The Rise of Branded Journalism

I recently had lunch with an old colleague who now runs PR at Kaspersky Lab, one of the best-known and fastest-rising anti-virus companies on the planet.

My friend told me a story that should seize the hearts of journalists even as it captures the imagination of corporate marketers; it’s a story about the rise of branded journalism.

Of course, you already know all about “branded entertainment.”  For some groundbreaking examples, look no further than Spherion Staffing’s “The Temp Life” video series or Ikea’s “Easy To Assemble” webisodes starring A- and B-list Hollywood celebs.  (Fast Company recently ran a helpful review of some of the Web’s best examples of branded entertainment.) While branded entertainment can be an expensive, hit-or-miss proposition, Kaspersky Lab has adopted a relatively low-cost, high-value approach that’s better described as “branded journalism.”

Logo-footer-threatpost_0Once upon a time, the writers and analysts who covered Kaspersky Lab as it slogged towards victory against the likes of McAfee and Symantec included Dennis Fisher at eWeek, Paul Roberts at The451 Group, and Ryan Naraine of ZDNet.  These men were among the top editors and analysts covering the anti-virus space of the day (2004–present).

Now, each and every one of these highly credentialed gentlemen produce superb content for Kaspersky Lab — as employees.  They are contributing to the Company’s well-regarded global IT Security news site, Threatpost.  With talent like Fisher, Roberts and Naraine working the levers, Threatpost is, well, a legitimate threat to the ZDNet’s, CNet’s, and SC Magazine’s of the world…

Now, to be clear, competing with those esteemed publications is not part of the agenda of Kaspersky Lab’s marketing team.  Surely they continue to seek coverage in those journals. 

However, they’re also glad to know that all of that thought leadership & always-contemporary SEO-savvy content benefits Kaspersky Lab.  It benefits their channel sales partners as well, who frequently repurpose the Threatpost content in order to motivate new conversations with prospective customers.

That’s not to imply that the content is “salesy,” however; there’s a church/state separation on the editorial side at Threatpost: subscribers are not fed into a lead-gen dbase.  No doubt that was a key factor in Fisher, Roberts and Naraine’s decision to join the Threatpost editorial team.  They now not only have the kind of job security most media professionals lack, but also can walk away from the experience someday with their reputations only enhanced by the experience.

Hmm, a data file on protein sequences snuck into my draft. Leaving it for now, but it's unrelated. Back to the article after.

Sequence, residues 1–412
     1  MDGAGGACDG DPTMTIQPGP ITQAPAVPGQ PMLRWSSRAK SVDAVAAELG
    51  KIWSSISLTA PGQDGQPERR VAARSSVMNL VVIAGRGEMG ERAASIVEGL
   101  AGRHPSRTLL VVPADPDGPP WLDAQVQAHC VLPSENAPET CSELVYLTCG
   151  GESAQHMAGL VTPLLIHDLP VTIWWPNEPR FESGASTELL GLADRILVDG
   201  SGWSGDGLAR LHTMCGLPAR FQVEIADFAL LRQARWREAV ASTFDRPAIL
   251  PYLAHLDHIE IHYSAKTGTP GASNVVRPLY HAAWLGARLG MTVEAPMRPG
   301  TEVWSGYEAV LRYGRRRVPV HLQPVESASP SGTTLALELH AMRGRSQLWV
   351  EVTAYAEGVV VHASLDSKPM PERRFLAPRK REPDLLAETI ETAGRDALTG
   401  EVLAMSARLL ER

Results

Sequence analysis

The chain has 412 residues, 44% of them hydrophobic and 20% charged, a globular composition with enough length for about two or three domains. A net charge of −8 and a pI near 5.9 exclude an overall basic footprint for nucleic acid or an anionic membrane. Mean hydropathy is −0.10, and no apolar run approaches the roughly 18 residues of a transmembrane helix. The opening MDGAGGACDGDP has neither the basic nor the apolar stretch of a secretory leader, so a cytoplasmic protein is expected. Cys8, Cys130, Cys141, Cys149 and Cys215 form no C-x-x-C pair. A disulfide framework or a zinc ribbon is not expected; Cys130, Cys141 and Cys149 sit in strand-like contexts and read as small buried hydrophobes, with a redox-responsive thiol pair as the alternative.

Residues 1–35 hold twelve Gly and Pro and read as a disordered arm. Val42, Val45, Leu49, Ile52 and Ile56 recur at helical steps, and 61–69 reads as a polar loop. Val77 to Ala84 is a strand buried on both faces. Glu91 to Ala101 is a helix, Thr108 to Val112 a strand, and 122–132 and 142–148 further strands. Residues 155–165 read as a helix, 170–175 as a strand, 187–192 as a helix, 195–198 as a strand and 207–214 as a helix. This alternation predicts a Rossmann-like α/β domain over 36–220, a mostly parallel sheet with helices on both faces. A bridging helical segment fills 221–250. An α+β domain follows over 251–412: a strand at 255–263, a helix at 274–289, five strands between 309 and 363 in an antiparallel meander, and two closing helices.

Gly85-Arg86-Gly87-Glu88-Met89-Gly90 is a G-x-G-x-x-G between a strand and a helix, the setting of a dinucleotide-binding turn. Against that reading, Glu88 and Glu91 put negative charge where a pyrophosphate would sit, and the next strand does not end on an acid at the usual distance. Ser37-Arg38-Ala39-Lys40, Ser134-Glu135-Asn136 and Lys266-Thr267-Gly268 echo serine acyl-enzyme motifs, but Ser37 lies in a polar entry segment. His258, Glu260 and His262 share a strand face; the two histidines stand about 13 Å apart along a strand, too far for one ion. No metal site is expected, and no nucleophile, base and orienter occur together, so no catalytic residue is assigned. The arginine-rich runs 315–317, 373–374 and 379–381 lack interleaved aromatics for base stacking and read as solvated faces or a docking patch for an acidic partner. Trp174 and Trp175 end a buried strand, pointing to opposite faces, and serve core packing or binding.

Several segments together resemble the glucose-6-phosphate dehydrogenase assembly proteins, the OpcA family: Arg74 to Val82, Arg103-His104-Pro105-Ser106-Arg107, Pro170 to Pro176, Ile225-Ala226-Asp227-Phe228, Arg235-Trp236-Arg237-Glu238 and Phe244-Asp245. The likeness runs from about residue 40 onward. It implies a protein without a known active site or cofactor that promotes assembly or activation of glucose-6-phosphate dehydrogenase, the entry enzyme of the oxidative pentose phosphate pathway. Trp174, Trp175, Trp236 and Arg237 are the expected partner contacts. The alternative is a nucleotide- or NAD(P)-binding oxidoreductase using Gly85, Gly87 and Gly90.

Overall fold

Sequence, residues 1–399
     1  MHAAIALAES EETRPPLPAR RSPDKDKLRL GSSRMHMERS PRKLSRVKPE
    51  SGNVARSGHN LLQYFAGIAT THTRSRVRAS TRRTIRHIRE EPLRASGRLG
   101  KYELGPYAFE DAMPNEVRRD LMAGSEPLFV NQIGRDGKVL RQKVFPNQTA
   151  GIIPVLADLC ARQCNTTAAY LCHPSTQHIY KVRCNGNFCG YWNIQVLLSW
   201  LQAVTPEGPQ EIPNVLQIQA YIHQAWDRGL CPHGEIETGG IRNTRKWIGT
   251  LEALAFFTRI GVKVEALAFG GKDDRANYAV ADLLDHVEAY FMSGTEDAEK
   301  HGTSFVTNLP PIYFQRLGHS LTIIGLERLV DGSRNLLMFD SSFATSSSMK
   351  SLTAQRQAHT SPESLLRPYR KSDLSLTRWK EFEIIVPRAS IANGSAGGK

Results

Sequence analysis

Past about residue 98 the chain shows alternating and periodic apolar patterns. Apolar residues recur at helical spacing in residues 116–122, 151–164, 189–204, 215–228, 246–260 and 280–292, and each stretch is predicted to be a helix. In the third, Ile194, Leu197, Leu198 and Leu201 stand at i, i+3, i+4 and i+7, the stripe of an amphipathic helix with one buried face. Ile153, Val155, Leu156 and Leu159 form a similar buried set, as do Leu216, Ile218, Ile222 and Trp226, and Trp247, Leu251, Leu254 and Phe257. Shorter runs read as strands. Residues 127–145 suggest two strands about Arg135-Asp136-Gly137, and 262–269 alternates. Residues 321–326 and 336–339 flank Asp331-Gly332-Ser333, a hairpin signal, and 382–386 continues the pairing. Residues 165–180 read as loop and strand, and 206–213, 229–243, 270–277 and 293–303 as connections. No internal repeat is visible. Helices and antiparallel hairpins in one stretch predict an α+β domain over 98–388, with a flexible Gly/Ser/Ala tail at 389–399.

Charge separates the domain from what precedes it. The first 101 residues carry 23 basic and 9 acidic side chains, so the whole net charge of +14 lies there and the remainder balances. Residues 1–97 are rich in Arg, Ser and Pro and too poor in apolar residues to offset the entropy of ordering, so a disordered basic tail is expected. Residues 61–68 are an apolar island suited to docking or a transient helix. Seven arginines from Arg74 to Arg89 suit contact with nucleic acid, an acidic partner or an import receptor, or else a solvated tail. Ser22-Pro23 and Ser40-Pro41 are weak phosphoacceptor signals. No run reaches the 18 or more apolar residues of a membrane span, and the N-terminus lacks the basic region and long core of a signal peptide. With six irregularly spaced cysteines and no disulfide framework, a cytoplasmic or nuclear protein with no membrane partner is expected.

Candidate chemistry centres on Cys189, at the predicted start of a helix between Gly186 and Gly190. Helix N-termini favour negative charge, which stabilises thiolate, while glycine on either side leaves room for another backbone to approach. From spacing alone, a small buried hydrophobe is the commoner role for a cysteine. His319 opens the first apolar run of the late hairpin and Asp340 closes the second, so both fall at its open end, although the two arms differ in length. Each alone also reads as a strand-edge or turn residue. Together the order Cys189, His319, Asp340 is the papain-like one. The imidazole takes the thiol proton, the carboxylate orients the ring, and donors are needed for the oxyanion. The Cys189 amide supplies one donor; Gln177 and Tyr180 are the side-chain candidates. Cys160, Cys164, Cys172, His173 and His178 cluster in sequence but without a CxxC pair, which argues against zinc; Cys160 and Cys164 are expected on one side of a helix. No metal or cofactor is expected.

Meanwhile, Kaspersky’s business is thriving.

Welcome to the future.

Disclosure: Kaspersky was a SHIFT client for 4 years.  We did some good work in that time — from “upstart Russian wannabe” to industry leader — as demonstrated by this Google Trends chart, which company execs very generously suggested I share with you:


Posted on: August 24, 2010 at 12:06 pm By Todd Defren
6 Responses to “The Rise of Branded Journalism”


  • Well, I think you’ve defined my job position pretty well. Started out as an editor for a trade publication, then moved into managing/editing/writing content for my employer-sponsored websites and e-newsletters. It’s still kind of a murky area for me, as I’m ultimately hoping that articles generate so much brand awareness that readers become customers.

  • I’ve been watching / writing about ThreatPost for the last 18 months. It’s thrilling to see how they’ve grown, and continue to grow, as thought leaders in the media space. What Dennis and Ryan have built over at Kaspersky is unmatched, and now with Paul on board they are even better poised to succeed. A lot of companies can take a lesson from what Kaspersky is doing in the security industry. I’m really surprised that more of this hasn’t happened yet, but I’m sure it will in good time.

  • LOU HOFFMAN says:


    I think Kaspersky Lab was at the forefront of a phenomena which only accelerated from the economic downturn.

    Just look at the BusinessWeek alumni-

    Steve Hamm now writes for IBM

    Stephen Wildstrom pens a blog for Nvidia.

    And there are plenty of others from biz books and the trades such as Richard Goering formerly of EE Times now setting up shop at Cadence

    It all supports the Tom Foremski that premise that every company is a media company. If that’s true — I personally buy into it — then it’s logical to tap into the media pool for talent to improve the quality of your content.

    With that said, I don’t think journalists should be shaking in their boots over this. Readers deserve credit for being able to discern what’s a third-party perspective versus a company perspective.

  • Renee Malove says:

    It’s amazing how branded journalism has just exploded in today’s society. The question is, do you think that has more to do with the consumer’s need to have a credentialed expert guiding their purchasing decisions or simply a drive toward multi-media advertising?

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